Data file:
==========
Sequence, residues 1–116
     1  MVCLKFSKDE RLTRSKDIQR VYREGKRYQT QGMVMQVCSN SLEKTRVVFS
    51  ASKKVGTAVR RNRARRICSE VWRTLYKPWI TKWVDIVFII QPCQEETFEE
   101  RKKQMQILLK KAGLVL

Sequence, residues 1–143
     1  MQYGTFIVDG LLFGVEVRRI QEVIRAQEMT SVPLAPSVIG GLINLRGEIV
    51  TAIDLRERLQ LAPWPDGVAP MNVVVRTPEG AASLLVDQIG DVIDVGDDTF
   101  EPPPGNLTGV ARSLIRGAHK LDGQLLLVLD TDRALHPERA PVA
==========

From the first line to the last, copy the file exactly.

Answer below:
Sequence, residues 1–116
     1  MVCLKFSKDE RLTRSKDIQR VYREGKRYQT QGMVMQVCSN SLEKTRVVFS
    51  ASKKVGTAVR RNRARRICSE VWRTLYKPWI TKWVDIVFII QPCQEETFEE
   101  RKKQMQILLK KAGLVL

Sequence, residues 1–143
     1  MQYGTFIVDG LLFGVEVRRI QEVIRAQEMT SVPLAPSVIG GLINLRGEIV
    51  TAIDLRERLQ LAPWPDGVAP MNVVVRTPEG AASLLVDQIG DVIDVGDDTF
   101  EPPPGNLTGV ARSLIRGAHK LDGQLLLVLD TDRALHPERA PVA